At 09:00 outside a downtown supermarket in Maracaibo, Venezuela, the temperatures are already stiflingly hot - close to 40C (104F) in the shade, if you can find any shade.
I am at the back of a line of some 200 members of the Guajiro indigenous group, poor men and women who have travelled many miles from their homes in the country or the city's outer shanty towns, and have waited here for up to five hours.
It is a pathetic sight, as they shelter under shawls waiting to buy their allotted ration of price-capped foods like rice, sugar, chicken, wheat, and corn flour - goods that have become increasingly scarce as shortages grip many regions of Venezuela.
But, if you believe what some are telling me here, these poor villagers may themselves be the cause of the nation's woes.
"Eighty per cent of these people are smugglers," one shopper, Maigualita Barallt, says quietly, shaking her head.
"They are buying up all they can and selling them on to bachaqueros [smugglers] who carry the food across the border to Colombia," she adds.
The bachaqueros are notorious in these parts. And they are widely blamed for hiring poor locals en masse to empty the shelves of the subsidised products.
There are massive incentives to do so. The goods remain at a fixed price whilst inflation is crippling the rest of the Venezuelan economy.
Inflation is at 42.6% according to figures released by Venezuela's Central Bank in July 2013, but is widely believed to be considerably higher.
Add to that a massive capital flight estimated by economic research firm Ecoanalitica to amount to $33bn in 2011, despite government currency controls aimed at curbing the problem.
Moreover, a fixed exchange rate is creating a huge black market demand for foreign cash.
Combine these factors and you find that a Venezuelan bottle of milk could be worth seven or eight times more if sold on the Colombian side of the border.
No wonder goods like fresh milk and butter have rarely been seen in Venezuelan supermarkets this year.
The long, heavily forested frontier between the countries would make smuggling contraband relatively easy at the best of times. But according to locals, the traffic is open and visible even at official checkpoints.
"It's not smuggling as you think it is," one coffee producer told me.
"You can see the lorries waiting in the line for them to change the guard. And then when there's someone who's friendly, they pay the guy and they go through."
So is not the smuggling itself the main cause of the shortages, I ask him.
"Yes and no. The government is crippling businesses anyway with corruption and red tape," he replies.
"And besides, by fixing the prices they created the market themselves. They are in on it. Everyone breaks the law in this country - including the government."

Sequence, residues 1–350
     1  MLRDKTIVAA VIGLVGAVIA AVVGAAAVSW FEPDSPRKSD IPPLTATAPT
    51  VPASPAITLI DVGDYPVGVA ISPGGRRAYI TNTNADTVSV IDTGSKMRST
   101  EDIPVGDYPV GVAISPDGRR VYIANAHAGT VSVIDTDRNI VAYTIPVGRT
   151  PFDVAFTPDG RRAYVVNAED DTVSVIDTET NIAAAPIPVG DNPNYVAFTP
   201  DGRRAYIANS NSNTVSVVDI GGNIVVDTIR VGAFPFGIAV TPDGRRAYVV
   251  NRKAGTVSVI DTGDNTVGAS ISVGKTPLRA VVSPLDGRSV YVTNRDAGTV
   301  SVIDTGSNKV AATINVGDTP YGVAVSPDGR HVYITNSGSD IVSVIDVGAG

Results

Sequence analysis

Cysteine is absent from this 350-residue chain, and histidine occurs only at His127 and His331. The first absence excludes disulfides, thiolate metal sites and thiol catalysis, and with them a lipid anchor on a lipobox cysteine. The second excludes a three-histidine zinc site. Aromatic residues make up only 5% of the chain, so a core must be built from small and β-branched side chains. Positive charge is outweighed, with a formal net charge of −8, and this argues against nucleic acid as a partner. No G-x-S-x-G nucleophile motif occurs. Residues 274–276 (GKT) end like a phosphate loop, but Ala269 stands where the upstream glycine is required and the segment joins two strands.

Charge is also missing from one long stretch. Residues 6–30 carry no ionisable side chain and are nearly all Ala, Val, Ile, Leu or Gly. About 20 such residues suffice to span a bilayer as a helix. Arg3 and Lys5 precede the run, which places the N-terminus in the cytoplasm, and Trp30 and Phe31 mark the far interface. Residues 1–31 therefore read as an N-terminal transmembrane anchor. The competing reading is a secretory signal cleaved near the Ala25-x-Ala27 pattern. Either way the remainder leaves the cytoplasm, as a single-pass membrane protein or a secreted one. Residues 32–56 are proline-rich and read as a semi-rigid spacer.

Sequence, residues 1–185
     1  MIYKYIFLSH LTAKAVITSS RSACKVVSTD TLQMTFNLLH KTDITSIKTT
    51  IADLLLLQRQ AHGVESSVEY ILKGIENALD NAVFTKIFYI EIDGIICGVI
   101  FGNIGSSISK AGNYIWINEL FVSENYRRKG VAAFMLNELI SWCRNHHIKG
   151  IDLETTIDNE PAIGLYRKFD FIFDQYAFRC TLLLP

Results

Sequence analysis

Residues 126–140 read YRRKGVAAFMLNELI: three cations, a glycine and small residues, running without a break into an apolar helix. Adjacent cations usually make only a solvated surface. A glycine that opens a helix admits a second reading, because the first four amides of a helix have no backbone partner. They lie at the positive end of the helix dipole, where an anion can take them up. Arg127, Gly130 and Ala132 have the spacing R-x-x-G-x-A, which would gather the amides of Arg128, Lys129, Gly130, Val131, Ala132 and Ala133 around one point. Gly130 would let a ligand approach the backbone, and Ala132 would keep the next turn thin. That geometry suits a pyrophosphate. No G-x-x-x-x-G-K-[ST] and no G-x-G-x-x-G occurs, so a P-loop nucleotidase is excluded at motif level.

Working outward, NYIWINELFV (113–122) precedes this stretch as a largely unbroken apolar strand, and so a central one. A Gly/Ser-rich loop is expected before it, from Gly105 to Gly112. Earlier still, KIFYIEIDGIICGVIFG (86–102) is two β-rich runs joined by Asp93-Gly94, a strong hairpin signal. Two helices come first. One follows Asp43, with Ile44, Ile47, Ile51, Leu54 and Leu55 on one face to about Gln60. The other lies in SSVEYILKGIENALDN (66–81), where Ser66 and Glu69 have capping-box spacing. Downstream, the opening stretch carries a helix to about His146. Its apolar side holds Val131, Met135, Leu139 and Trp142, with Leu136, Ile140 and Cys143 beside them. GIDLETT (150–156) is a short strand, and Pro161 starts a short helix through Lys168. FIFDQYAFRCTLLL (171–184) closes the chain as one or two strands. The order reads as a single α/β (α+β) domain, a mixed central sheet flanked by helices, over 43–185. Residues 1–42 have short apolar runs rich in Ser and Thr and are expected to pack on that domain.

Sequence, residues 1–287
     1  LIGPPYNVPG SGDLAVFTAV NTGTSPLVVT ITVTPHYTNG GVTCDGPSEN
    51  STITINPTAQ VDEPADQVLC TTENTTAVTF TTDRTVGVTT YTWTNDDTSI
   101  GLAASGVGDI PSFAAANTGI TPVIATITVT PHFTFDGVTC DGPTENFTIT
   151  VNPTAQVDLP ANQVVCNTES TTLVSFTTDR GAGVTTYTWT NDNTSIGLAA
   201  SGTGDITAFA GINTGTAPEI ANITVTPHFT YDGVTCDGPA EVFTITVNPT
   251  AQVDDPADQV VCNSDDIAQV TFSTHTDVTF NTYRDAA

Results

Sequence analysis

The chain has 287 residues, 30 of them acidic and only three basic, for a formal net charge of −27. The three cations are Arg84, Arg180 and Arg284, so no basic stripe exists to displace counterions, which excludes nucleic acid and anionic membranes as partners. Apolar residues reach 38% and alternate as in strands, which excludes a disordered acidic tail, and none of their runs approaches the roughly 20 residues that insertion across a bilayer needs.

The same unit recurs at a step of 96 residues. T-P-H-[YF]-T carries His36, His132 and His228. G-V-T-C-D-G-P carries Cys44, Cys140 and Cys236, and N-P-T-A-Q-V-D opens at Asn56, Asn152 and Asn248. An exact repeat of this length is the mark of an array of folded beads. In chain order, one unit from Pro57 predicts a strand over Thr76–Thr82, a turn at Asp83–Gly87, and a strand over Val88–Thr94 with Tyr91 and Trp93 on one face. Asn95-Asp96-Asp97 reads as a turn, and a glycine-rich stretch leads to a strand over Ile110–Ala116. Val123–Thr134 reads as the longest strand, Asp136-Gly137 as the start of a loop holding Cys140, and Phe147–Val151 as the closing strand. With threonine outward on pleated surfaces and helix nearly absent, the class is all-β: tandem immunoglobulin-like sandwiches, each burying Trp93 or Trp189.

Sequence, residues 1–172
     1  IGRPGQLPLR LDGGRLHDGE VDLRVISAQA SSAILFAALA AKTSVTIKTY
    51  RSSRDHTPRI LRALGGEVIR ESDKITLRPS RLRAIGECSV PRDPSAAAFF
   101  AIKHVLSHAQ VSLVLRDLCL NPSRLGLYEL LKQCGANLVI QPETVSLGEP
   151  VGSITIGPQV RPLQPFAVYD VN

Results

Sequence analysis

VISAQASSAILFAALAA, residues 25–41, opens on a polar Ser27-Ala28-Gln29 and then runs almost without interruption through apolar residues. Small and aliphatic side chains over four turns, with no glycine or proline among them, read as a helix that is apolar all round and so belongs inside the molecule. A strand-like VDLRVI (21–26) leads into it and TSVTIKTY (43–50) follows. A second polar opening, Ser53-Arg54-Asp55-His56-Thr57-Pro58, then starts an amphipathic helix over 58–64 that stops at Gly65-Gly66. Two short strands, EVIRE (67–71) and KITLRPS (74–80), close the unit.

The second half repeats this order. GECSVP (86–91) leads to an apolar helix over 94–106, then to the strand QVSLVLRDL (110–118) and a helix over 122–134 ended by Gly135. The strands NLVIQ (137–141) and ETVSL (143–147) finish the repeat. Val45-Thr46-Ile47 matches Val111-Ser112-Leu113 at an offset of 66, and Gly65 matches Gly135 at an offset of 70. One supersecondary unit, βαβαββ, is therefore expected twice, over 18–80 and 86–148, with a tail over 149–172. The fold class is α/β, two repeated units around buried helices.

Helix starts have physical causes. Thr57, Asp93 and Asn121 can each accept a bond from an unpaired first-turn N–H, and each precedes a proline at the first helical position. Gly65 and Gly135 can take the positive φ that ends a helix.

The man in charge of enforcing the law in this western part of Venezuela is Jaire Ramirez, a member of the governing party, who proudly poses in front of a picture of the late president, Hugo Chavez.
He concedes that the contraband trade of coffee, sugar, rice, dairy products and petrol now amounts, by the government's own estimates, to five or six billion dollars a year. He blames "capitalists" and unnamed mafia gangs for the problem.
"The scarcity is not a problem of insufficient goods. The amount of food that arrives at the supermarket has tripled," he says.
"We are making many arrests now, as we have been told to do by our supreme commander, President Chavez. We are sure we can win this fight against the criminals."
The optimism is not universally shared though. Critics say that in reality production is down, and that the government needs new economic policies, not tougher policing.
They say policing in any case has never been this government's strong suit.
The murder rate has almost quadrupled since President Chavez came to power: from 4,500 in 1998 according to United Nations figures to more than 16,000 in 2012 by the government's own acknowledgment.
Venezuela is now one of the most violent countries in the world, and shortages are affecting the treatment of those caught up in the wave of violence,
A doctor in one of the country's largest hospitals told me that many gunshot victims were dying unnecessarily, and in increasing numbers, because basic supplies of gauze, medicines and anaesthetics were being stolen from storerooms and smuggled abroad.
Jose Luis Iragorry puts the crisis in perspective. He is a dairy farmer with 120 head of cattle, working in Zulia province, the country's agricultural heartland close to the Colombian border.
He says smuggling is the main reason most Venezuelans have not seen fresh milk or butter for most of this year, although he denies involvement himself and says that the biggest worry for producers like him is security.
"The only armed forces in our area are Colombian Farc guerrilla fighters," he says.
"They control much of the border region. Farmers close to me are having to pay protection money."
It is a problem the Venezuelan government has acknowledged. On a recent visit to Apure province, on the border with Colombia, Foreign Minister Elias Jaua said he was working with the Colombian government to crack down on cross-border smuggling and the growing influence of criminal gangs in the area.
"There are gang bosses controlling the petrol [smuggling], there are gang bosses controlling food smuggling, there are gang bosses controlling the smuggling of cement, we're going to go after all of them together," Mr Jaua said.
But Mr Iragorry says he has seen little police or army presence.
"Where are the Venezuelan security forces? They are selling regulated products and not protecting us. And now the Colombians have started buying our farms because it's favourable to them. What's happened in the last six months, it's been a tragedy - it's smuggling, inflation and the lack of security - but it's a tragedy. "